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Billions of dollars in damages and not enough in the bank account. That's the situation federal officials find themselves in after Hurricane Sandy. The White House says it will send an emergency funding request to Capitol Hill this week.

And as NPR's Brian Naylor reports, there's a debate in Congress over how that money should be spent.

BRIAN NAYLOR, BYLINE: The damage from what was dubbed Superstorm Sandy was enormous and widespread. Democratic Senator Kirsten Gillibrand of New York testified before some of her Senate colleagues today, on the tally from her state alone.

SENATOR KIRSTEN GILLIBRAND: What we know so far, we have - over 300,000 homes seriously damaged; more than 265,000 businesses impacted; about 238,000 have filed their FEMA claims to date, and thousands of New Yorkers are still homeless. We've estimated our damages are upwards of $32.8 billion and this was a conservative estimate.

NAYLOR: New Jersey has a similar tally, Connecticut a bit less. Combined, the Northeastern states are asking for upwards of $80 billion in federal aid for storm related damage. Secretary of Housing and Urban Development Shaun Donovan is the Obama administration's point man on Sandy. He wouldn't say today exactly how much the administration wants from Congress. But Donovan said at least a portion of the money will go to build up the region's defenses against future super storms.

SECRETARY SHAUN DONOVAN: We want to ensure that homes that were damaged or lost are rebuilt, businesses restored and communities made whole. But we also want to build back stronger, smarter, safer, and more resiliently - a 21st century response.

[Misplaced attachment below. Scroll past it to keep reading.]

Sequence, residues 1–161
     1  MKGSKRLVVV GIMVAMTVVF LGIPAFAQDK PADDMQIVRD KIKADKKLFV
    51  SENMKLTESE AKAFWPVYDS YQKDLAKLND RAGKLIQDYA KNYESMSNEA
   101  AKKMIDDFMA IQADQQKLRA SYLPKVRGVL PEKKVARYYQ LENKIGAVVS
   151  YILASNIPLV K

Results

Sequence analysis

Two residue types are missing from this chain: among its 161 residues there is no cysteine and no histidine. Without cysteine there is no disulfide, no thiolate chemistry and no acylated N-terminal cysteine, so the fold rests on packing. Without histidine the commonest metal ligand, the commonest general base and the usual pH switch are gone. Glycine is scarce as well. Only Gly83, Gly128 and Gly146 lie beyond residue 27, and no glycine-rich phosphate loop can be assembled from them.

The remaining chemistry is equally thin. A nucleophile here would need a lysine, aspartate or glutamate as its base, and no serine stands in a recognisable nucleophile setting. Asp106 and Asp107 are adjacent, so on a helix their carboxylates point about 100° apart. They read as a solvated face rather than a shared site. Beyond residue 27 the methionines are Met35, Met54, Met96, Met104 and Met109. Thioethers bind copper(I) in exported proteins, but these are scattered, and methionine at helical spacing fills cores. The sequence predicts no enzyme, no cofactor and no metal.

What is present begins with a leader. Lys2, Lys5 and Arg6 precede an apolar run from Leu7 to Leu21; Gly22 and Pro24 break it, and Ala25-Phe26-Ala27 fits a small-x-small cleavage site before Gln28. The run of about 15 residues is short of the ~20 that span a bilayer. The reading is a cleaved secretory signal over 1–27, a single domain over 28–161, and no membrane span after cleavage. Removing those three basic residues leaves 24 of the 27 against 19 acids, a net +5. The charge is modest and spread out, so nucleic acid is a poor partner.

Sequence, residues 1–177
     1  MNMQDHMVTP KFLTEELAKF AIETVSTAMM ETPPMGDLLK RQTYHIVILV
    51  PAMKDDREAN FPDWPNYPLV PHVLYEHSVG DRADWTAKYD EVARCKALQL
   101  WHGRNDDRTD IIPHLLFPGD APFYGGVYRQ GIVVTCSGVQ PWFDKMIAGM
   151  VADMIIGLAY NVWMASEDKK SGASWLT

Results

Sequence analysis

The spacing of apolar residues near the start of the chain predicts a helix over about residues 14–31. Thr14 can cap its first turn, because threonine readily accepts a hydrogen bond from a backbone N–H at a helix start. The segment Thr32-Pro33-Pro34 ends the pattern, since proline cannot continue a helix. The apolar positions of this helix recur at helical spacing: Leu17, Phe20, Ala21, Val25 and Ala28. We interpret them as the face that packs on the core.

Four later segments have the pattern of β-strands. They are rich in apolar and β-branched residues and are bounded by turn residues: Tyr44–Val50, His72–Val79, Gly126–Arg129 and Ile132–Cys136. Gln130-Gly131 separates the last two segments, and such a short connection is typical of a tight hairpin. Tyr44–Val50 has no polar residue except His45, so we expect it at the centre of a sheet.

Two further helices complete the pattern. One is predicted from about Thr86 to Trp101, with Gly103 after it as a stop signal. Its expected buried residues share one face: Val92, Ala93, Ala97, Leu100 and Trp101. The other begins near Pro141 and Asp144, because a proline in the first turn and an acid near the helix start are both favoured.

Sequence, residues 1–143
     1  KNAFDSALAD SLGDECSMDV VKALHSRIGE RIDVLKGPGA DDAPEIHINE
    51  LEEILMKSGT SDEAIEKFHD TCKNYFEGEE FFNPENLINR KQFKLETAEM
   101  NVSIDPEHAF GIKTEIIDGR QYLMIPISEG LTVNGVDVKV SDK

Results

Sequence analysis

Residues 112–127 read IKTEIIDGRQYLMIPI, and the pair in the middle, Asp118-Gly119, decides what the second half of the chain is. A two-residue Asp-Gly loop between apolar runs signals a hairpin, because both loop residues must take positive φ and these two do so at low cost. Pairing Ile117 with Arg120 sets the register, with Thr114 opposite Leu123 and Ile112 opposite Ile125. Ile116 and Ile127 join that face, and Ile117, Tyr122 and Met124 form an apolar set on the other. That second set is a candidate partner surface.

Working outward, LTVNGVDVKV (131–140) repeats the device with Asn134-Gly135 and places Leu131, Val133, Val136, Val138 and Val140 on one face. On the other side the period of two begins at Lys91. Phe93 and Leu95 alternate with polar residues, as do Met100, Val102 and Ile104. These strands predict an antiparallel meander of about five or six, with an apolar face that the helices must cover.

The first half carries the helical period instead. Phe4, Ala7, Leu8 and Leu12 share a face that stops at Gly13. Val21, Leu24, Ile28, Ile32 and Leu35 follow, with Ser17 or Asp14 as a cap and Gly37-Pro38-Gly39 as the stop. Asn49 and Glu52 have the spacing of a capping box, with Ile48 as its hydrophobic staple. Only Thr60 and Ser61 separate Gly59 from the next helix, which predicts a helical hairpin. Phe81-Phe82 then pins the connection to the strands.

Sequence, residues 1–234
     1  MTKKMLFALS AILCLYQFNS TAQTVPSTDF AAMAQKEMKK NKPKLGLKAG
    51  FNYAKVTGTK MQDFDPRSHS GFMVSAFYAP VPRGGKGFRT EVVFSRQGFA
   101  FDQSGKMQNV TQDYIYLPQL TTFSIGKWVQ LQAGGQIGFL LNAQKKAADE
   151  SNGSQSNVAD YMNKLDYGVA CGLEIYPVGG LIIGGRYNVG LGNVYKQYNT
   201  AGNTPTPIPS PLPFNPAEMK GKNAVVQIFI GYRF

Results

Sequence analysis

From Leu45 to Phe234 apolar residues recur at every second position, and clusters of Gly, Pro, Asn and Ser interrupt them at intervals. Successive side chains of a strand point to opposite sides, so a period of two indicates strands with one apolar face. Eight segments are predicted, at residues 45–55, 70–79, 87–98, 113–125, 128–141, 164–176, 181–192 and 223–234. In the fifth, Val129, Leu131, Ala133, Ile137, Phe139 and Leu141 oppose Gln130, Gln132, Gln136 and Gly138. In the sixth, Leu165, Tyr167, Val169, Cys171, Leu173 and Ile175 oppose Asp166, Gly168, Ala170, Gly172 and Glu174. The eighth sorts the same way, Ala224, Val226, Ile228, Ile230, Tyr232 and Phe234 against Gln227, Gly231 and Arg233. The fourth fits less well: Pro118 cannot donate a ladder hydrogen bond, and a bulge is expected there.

NAYLOR: Donovan told members of a Senate Appropriations subcommittee that building up such resilience involves making a lot of decisions now, before rebuilding gets under way.

DONOVAN: From the kind of design and materials we should use to rebuild boardwalks to whether gas stations should be generator capable, to how or whether to rebuild in certain areas.

NAYLOR: Several Senators on the panel talked about the power grid and whether it would make sense to pay to bury power lines underground to protect them from falling trees. A good idea in some areas but FEMA administrator Craig Fugate warned that in New York City, placing things underground led to other problems.

CRAIG FUGATE: If I seem to remember, everything in Manhattan was underground; including a hospital's entire imaging unit and emergency room that were flooded by salt water and destroyed.

NAYLOR: Fugate says the administration has some $4.8 billion left in its disaster relief fund, money used to pay for immediate assistance. And while the White House and lawmakers have their hands full with the impending year end tax hikes and spending cuts, some in Congress want to provide the states just a small amount of the rebuilding money now, and a bigger chunk later. But Donovan says such a down payment would cause hardships.

DONOVAN: Families, small businesses, entire communities are waiting for a decision about what resources are available to help them rebuild. A down payment simply means that those families and those communities are going to be waiting for months or longer, to be able to get on with their lives.

NAYLOR: Nor does Donovan believe the disaster aid should be offset by cuts elsewhere in the budget, and most Democrats seem to agree. It's unclear whether Republicans will go along.

Brian Naylor, NPR News, Washington.

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